Another neocon admits disaster, but admits nothing
Charles Krauthammer’s column is entitled, “Why Iraq Is Crumbling.” His analysis of what went wrong is not particularly insightful, and leaves neocon premises intact:
Are the Arabs intrinsically incapable of democracy, as the “realists” imply? True, there are political, historical, even religious reasons why Arabs are less prepared for democracy than, say, East Asians and Latin Americans who successfully democratized over the past several decades. But the problem here is Iraq’s particular political culture, raped and ruined by 30 years of Hussein’s totalitarianism. [Italics added.]Notice the significant word “even” placed before the word “religious.” The thought that the religion of Islam may be the problem is placed last, showing that Krauthammer views it as the least likely explanation for the difficulties of implanting democratic government in Iraq. The explanation, as Krauthammer sees it, is that a political culture of trust was destroyed by 30 years of Ba’athist and Saddamite rule. This conclusion leaves the neocons free to attempt to democratize other Muslim countries, and of course, to keep supporting the mass importation of Muslims into our country.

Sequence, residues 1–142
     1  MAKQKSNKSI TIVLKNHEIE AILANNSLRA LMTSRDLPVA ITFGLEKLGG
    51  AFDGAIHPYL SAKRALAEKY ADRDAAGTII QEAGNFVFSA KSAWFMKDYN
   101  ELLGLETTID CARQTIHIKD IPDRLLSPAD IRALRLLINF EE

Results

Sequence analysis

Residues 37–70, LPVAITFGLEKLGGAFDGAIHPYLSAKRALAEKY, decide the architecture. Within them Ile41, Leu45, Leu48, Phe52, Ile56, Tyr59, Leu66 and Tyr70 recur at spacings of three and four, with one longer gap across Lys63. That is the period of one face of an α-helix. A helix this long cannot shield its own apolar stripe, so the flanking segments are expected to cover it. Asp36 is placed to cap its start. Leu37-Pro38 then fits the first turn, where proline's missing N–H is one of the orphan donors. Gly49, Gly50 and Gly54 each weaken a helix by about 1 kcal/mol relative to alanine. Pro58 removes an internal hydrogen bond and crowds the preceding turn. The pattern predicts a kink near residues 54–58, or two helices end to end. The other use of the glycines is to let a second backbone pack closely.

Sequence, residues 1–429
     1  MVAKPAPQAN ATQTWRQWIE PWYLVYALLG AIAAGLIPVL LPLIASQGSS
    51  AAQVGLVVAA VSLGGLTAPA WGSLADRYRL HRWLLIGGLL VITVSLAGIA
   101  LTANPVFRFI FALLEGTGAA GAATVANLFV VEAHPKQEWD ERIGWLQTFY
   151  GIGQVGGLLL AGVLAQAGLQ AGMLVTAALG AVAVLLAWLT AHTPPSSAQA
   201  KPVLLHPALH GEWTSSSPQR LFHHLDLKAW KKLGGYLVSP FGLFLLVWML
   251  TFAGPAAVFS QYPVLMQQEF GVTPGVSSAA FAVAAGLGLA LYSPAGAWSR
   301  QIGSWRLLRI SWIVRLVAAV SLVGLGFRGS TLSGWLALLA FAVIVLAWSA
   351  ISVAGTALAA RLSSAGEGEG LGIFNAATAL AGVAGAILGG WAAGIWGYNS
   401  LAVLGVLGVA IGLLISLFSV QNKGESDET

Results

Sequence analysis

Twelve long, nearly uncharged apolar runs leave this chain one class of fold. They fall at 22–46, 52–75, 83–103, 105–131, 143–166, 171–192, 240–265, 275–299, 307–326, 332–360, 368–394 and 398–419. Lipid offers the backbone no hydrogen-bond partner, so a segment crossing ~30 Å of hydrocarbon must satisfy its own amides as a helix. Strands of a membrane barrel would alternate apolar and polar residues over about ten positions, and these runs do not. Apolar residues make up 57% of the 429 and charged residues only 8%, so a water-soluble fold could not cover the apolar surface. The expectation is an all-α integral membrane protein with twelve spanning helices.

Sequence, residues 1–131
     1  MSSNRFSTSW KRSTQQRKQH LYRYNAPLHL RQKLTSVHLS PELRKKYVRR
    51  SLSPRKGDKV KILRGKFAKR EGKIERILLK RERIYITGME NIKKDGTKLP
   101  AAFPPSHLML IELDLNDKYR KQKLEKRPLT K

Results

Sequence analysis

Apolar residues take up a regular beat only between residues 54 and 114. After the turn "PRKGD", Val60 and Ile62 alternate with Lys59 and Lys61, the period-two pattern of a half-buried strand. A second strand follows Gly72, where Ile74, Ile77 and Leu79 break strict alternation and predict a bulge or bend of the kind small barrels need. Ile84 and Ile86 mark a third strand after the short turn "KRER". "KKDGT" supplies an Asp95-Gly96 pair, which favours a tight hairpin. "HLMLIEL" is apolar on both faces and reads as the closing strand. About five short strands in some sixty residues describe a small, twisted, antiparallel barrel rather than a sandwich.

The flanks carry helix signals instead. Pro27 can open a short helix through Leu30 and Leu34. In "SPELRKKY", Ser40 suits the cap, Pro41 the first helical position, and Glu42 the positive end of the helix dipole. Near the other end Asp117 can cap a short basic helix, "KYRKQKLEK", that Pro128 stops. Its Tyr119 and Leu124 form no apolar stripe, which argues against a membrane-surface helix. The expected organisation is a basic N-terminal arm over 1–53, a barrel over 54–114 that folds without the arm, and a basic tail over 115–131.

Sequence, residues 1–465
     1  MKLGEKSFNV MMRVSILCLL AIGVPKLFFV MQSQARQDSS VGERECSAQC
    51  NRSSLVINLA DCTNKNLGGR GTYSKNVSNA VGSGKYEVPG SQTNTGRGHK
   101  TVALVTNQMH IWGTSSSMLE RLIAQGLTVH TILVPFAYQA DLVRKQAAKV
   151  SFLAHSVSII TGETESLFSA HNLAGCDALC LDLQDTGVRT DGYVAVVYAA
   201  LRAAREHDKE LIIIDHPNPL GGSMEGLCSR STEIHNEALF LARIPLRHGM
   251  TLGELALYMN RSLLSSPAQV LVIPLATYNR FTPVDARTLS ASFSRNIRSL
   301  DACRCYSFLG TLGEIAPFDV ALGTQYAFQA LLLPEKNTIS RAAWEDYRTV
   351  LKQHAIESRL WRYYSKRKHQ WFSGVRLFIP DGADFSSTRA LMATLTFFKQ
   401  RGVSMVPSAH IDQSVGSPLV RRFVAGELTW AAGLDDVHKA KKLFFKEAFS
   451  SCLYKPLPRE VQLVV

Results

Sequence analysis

At least Krauthammer does acknowledge that Arabs are less “prepared” for democracy than other peoples and cultures. But he does not acknowledge that he and his fellow neocons stoutly denied this idea for the last several years. The neocons repeatedly insisted that Iraq could be democratized, just as German and Japan had been. Bush and Rice said that to doubt that Iraq could be democratized was condescending and racist. The neocons never criticized Bush and Rice for saying this. The neocons and the Bush administration did not exactly encourage thoughtful debate about their Iraq policy, did they?
Because the neocons and the Bush administration were closed to rational discussion and sought to prohibit others from engaging in it as well, rational argument could not demonstrate their obvious folly to them. Only undeniable failure on the ground could demonstrate it.